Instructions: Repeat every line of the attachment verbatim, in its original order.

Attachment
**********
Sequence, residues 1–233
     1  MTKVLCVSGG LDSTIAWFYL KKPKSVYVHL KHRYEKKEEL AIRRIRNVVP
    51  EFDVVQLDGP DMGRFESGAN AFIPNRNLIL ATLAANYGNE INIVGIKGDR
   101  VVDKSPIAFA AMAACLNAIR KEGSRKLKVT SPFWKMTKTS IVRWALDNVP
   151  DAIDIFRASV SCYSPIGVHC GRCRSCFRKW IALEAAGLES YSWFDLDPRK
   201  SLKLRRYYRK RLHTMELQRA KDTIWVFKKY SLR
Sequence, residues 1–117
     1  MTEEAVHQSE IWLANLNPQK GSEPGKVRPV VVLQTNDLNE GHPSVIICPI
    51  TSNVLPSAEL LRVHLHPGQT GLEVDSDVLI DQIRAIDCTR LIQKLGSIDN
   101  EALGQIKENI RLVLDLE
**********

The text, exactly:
Sequence, residues 1–233
     1  MTKVLCVSGG LDSTIAWFYL KKPKSVYVHL KHRYEKKEEL AIRRIRNVVP
    51  EFDVVQLDGP DMGRFESGAN AFIPNRNLIL ATLAANYGNE INIVGIKGDR
   101  VVDKSPIAFA AMAACLNAIR KEGSRKLKVT SPFWKMTKTS IVRWALDNVP
   151  DAIDIFRASV SCYSPIGVHC GRCRSCFRKW IALEAAGLES YSWFDLDPRK
   201  SLKLRRYYRK RLHTMELQRA KDTIWVFKKY SLR
Sequence, residues 1–117
     1  MTEEAVHQSE IWLANLNPQK GSEPGKVRPV VVLQTNDLNE GHPSVIICPI
    51  TSNVLPSAEL LRVHLHPGQT GLEVDSDVLI DQIRAIDCTR LIQKLGSIDN
   101  EALGQIKENI RLVLDLE